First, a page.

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Maybe it’s years of prepping for Bonnaroo, living with a mother who was always prepared for anything, my husband's eight years in the Navy, or dealing with a few previous blizzards and hurricanes, but Karl and I have a pretty clear plan for events like Sandy. To some it may seem extreme, and we’re lucky that all of this preparation was extreme for how the storm ended up hitting our area. However I’d rather be the crazy lady in town over-preparing and having plenty to share than be the one begging my neighbors for assistance. Here’s a list of what we did to prepare for Sandy:
- Used bungee cords to secure deck furniture and such, the rest went in the toolshed or inside the house
- Bungeed the lid on our trashcan and bungeed it to the house
- Filled both bathtubs with water (not to drink, but to flush toilets)
- Filled two 5-gallon containers with filtered water, replaced the filter on our fridge pitcher and refilled and refilled all our individual Camelbaks and sippy cups
- Filled gallon Ziploc bags with water and used them to fill any negative space in the freezer
- Washed the five-day cooler and had it at the ready. This summer we filled it with ice, but this time figured we’d just transfer the frozen bags from the freezer and go from there
- Cleaned out the gutters
- Filled the gas tanks of the cars
- Washed all our laundry
- Purchased and premade plenty of non-perishables and non-refrigerated food that we would still consume on a normal day (cans of beans and tuna, granola bars, fruit snacks, brown rice, that sort of thing). Also made sure we had plenty of dog food
- Fresh propane tank for the grill and a bag of charcoal for the tailgating mini grill in the car where it would be sure to stay dry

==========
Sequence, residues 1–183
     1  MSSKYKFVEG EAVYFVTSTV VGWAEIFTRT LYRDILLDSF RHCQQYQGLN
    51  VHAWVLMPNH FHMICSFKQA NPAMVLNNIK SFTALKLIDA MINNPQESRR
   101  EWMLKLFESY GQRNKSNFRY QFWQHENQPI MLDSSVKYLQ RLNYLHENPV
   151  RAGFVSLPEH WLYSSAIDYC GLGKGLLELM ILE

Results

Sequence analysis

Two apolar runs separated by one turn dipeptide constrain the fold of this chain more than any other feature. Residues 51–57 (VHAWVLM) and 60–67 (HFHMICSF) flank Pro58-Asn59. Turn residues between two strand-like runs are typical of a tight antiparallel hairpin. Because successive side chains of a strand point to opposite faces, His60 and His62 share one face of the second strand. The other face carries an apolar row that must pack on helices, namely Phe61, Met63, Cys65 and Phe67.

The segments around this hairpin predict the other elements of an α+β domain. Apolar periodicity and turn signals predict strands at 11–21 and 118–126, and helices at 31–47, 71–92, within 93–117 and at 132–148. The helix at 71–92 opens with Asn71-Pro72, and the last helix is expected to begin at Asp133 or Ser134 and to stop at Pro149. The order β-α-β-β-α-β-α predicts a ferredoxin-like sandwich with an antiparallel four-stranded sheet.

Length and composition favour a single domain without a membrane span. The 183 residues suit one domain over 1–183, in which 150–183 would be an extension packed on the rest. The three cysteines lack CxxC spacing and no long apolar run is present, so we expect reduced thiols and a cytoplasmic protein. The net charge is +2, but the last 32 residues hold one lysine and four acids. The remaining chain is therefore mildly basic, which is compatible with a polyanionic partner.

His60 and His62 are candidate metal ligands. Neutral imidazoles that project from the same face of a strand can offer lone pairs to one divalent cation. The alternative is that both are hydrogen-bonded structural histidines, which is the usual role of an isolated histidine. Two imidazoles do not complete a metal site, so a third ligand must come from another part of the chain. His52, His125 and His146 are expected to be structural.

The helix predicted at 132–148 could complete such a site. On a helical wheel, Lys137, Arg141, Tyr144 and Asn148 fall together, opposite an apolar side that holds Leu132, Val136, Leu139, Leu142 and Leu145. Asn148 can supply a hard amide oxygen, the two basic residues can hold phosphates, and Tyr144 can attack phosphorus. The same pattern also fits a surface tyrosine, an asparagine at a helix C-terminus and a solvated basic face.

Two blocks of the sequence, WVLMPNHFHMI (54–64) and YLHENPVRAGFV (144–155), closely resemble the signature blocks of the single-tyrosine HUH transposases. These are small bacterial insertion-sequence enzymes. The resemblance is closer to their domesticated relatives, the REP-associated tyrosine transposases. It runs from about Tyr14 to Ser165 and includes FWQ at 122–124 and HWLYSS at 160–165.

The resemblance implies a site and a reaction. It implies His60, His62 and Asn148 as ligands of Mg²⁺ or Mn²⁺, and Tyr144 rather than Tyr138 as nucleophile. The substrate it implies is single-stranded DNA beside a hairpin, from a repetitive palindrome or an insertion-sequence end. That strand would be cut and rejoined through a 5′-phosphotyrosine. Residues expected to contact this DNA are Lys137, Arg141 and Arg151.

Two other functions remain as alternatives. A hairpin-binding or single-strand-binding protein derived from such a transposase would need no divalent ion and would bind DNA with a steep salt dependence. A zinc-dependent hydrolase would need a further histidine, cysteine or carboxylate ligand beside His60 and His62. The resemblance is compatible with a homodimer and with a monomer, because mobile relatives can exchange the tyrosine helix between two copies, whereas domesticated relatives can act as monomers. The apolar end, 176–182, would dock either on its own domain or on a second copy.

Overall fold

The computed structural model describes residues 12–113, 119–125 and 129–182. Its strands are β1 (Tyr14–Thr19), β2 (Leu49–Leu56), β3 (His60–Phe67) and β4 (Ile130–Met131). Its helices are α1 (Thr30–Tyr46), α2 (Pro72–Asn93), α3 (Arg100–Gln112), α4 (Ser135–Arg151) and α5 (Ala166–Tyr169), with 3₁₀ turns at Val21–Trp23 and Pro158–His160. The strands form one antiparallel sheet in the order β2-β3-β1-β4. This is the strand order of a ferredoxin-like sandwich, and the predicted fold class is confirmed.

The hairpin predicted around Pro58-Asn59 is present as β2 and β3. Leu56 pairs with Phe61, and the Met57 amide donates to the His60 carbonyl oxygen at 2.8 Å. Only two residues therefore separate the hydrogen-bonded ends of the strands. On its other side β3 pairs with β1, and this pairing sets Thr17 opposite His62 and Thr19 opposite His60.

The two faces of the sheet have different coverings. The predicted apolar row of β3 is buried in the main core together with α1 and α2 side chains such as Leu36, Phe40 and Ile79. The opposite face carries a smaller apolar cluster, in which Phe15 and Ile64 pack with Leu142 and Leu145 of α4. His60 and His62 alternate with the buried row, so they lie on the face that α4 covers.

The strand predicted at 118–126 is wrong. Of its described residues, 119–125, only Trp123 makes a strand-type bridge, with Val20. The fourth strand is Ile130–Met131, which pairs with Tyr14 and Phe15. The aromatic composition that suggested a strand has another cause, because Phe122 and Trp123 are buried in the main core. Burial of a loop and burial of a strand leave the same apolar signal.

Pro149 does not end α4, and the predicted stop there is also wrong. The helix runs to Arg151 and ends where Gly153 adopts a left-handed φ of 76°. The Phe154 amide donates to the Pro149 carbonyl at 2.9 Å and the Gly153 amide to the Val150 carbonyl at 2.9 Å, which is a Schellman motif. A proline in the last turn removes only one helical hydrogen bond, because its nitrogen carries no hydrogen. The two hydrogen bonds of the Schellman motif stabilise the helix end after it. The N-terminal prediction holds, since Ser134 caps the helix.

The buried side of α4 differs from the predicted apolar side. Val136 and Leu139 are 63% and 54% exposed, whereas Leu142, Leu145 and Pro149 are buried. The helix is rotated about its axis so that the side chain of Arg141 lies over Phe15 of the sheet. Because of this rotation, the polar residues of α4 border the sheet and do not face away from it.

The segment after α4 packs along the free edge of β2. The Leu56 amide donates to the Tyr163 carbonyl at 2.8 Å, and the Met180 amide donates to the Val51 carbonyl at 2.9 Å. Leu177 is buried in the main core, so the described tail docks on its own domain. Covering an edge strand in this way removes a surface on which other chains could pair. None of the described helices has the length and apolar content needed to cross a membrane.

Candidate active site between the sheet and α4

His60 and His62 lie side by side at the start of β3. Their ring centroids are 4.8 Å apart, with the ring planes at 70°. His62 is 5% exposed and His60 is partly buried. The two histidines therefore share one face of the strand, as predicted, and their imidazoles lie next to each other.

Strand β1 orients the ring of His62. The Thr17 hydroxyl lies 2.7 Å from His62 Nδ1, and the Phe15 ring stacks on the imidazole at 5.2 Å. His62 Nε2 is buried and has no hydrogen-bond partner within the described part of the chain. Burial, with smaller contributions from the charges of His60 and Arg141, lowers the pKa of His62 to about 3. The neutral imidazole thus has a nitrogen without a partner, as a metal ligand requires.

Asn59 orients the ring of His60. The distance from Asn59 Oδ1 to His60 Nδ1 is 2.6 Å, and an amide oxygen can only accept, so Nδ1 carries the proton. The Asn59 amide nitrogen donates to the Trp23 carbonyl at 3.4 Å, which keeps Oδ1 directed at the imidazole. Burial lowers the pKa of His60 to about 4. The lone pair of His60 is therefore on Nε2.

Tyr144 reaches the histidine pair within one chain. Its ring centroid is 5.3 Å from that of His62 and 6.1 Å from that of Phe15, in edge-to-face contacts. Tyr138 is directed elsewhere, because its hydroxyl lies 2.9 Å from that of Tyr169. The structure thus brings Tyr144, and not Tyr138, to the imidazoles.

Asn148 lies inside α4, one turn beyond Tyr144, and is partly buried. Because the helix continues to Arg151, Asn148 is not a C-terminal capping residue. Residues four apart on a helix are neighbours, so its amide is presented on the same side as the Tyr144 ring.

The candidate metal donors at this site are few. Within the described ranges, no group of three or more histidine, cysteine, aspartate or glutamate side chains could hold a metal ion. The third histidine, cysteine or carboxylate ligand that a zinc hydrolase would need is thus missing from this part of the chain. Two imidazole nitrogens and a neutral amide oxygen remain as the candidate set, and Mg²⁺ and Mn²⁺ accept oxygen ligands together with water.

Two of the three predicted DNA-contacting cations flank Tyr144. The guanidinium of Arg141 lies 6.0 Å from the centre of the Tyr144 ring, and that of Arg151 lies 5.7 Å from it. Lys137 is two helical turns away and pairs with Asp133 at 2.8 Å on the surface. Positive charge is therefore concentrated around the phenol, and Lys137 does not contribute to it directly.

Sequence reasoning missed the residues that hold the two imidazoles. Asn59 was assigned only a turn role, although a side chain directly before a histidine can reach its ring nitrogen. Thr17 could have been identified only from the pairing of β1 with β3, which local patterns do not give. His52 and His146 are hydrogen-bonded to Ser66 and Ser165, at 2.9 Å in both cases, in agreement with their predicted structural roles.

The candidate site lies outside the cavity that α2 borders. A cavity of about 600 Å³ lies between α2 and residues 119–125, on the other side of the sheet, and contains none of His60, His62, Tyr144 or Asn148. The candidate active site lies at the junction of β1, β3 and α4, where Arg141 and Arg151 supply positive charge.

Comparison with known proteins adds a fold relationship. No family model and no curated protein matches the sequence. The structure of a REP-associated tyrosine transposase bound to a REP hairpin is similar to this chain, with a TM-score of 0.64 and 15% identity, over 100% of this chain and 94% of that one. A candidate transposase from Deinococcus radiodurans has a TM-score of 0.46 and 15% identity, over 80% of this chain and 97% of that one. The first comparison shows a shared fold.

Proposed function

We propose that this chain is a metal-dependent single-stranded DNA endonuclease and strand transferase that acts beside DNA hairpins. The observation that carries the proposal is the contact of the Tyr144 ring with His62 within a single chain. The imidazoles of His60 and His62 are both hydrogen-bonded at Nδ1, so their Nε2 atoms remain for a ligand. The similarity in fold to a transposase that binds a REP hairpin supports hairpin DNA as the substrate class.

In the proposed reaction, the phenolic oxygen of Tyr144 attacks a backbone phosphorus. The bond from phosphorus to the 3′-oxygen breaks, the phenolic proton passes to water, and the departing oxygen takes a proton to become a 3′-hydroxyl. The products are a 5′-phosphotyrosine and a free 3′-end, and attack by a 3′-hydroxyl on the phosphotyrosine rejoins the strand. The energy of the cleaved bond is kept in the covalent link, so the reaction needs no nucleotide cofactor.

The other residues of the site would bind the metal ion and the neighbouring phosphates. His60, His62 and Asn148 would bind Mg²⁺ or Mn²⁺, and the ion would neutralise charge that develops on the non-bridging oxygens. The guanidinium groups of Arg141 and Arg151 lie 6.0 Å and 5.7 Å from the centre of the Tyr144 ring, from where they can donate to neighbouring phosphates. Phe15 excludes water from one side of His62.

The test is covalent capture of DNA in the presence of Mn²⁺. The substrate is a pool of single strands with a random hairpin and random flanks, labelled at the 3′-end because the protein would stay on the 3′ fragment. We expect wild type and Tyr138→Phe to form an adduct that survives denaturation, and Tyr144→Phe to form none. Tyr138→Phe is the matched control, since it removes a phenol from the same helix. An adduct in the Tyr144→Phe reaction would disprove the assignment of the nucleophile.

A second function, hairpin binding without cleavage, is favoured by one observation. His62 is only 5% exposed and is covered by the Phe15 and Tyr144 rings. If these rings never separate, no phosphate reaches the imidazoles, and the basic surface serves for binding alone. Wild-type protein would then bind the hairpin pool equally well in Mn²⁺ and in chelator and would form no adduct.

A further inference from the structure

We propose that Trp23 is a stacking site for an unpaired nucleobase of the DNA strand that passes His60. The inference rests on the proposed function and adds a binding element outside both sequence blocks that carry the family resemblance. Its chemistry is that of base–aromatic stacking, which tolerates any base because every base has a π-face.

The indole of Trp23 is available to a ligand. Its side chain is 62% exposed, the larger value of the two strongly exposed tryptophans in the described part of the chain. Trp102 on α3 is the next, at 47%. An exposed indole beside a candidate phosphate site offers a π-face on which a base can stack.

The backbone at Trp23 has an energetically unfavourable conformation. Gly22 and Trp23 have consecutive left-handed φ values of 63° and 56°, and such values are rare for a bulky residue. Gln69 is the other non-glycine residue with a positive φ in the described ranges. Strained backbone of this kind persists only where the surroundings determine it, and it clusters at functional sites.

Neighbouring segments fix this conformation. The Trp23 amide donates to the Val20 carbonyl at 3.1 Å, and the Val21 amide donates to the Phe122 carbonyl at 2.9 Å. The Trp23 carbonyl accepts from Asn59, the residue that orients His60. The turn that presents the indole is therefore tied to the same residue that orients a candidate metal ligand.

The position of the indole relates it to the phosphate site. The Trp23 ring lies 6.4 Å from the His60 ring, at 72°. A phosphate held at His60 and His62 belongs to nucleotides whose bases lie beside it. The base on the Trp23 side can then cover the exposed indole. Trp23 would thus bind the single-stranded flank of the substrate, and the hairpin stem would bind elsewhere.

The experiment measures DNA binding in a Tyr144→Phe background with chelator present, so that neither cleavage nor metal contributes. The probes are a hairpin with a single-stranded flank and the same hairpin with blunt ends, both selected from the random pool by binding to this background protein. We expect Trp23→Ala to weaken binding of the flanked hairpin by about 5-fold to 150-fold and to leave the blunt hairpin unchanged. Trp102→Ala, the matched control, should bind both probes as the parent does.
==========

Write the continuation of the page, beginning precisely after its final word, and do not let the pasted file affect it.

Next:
- Ate the leftovers in the fridge so we wouldn’t have to toss them if the power went out. A frittata is a fab way to get rid of your eggs, those leftover carmelized onions, single piece of fish, few kidney beans, dregs of a jar of salsa and the little nugget of cheese in a Ziploc baggie. Also the frittata tastes great cold the second day!
- Packed a bugout bag just in case the house was damaged (personal items we would take in an emergency, a few favorite clothes and toys and books for Emerson, phone chargers, crank-powered flashlight, extra car keys, fresh socks, contacts stuff, etc.). We focused more on Emerson, knowing that her favorite pajamas or Fluffy Bunny would make being in a shelter or friend’s house far more comfortable.
- Made sure the alarm clock, headlamps, lantern, and portable radio had fresh batteries, and knew where extra batteries were located; charged everything that was chargeable.
- Packed up Karl’s cameras in the pantry (most secure place in the house) in a waterproof bag
- Brought down the sleeping bags from the attic and stowed with our various disaster-preparedness equipment (see below).
- As the night progressed, packed a second bag in case we were asked to evacuate which had more clothes, personal care, etc. in it. Just an LL Bean backpack, nothing gigantic.
- Dressed ready to be wearing clothes for 24 hours. Comfortable yet not disgusting, boots that could handle rain and mud. All my favorite jewelry that I would want if I had to leave my house suddenly. Had at the ready a raincoat with hood and fleece with hood and a pair of gloves
- Packed my pockets. ID, insurance and AAA cards, money (cash and plastic and HSA card), one of my husband’s business cards, set of keys, and a pocket knife. My husband is a knife guy and I have found so many times when one is so useful; do remember it's only useful if you know how to easily open, close and use. I also put in there two hair elastics and four of those clamp barrettes because nothing is more annoying than hair in your face at 3am in the rain during a power failure. Been there, done that, wished I had a barrette.
- Took a nap. They said the worst would likely be at night, and it’s a lot easier to deal with unexpected crap when you’re fresh.